In the fiscal year ending March 31, 2023, Indian manufacturers of passenger vehicles, including cars, vans, and utility vehicles, fell short of the corporate average fuel economy (CAFÉ) target set by the Ministry of Road Transport & Highways (MoRTH). The achieved CAFÉ, a measure of a vehicle’s carbon emissions, stood at 116.78 gm per km, missing the MoRTH’s target of 113 gm per km. This marks the first instance of India failing to meet its fuel efficiency target since the initiative’s inception five years ago.
Ramifications for Climate Goals
The inability to meet the fuel efficiency target could have significant repercussions for India’s ambitious climate goals. The country aims to reduce carbon dioxide emissions by 45% by 2030 compared to 2005 levels. The failure to achieve the set target raises concerns about the effectiveness of current strategies in meeting these crucial environmental objectives.
Industry Response and Government’s Stance
According to sources familiar with the matter, the industry is still in the process of addressing the shortfall. A government official stated, “It’s still a work-in-progress, and we have yet to take a final call. There will be a lot of stakeholder consultations cutting across various ministries.” The industry has managed to improve the CAFÉ score from 130 gm/km to the current 115-116 gm/km, showcasing progress. However, careful examination is underway to understand the reasons behind the shortfall.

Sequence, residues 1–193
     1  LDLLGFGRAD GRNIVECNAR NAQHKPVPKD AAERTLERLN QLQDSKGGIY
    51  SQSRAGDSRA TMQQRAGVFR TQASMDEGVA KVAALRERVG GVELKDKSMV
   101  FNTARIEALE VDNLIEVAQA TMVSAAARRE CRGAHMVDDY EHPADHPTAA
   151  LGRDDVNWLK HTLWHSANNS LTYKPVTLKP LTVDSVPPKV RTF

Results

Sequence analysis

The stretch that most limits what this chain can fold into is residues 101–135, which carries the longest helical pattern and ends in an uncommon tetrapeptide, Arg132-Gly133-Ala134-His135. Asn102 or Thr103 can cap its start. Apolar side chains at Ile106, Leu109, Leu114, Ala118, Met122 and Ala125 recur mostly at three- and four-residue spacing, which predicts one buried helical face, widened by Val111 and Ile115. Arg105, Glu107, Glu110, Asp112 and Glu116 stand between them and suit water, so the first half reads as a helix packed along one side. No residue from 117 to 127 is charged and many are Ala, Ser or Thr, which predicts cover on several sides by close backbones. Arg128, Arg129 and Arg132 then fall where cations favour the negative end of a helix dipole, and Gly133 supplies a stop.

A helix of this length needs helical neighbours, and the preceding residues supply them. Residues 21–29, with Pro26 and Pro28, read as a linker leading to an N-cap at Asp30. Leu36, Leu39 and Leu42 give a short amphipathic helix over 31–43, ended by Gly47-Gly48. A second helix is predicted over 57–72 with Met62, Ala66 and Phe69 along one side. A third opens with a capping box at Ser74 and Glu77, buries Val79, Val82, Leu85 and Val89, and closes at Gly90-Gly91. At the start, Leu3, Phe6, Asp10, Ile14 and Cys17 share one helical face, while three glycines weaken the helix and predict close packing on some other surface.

Delay in Public Disclosure
The public disclosure of last year’s CAFÉ scores faced delays of more than 2-3 months. Due to a lag in automakers filing individual scores in the specified format. Automakers recently submitted their CAFÉ scores in the desired format to the government’s testing agency. The International Centre of Automotive Technology (ICAT), which subsequently forwarded the data to the MoRTH.
European Standards Highlight the Need for Innovation
Anumita Roychowdhury, executive director at the New Delhi-based think-tank Centre for Science and Environment. Emphasized the stricter fuel economy standards in Europe, set at 95 gm CO2 per km. She noted that these more stringent standards have facilitated a faster transition to electrified powertrains, despite larger and heavier engines. Roychowdhury stressed the importance of innovation in India’s automotive industry to meet and exceed stringent benchmarks. Especially considering the country’s growing motorization level and the trend towards larger engines. The shortfall in the CAFÉ score is viewed as a potential setback for India’s overall reduction in carbon emissions.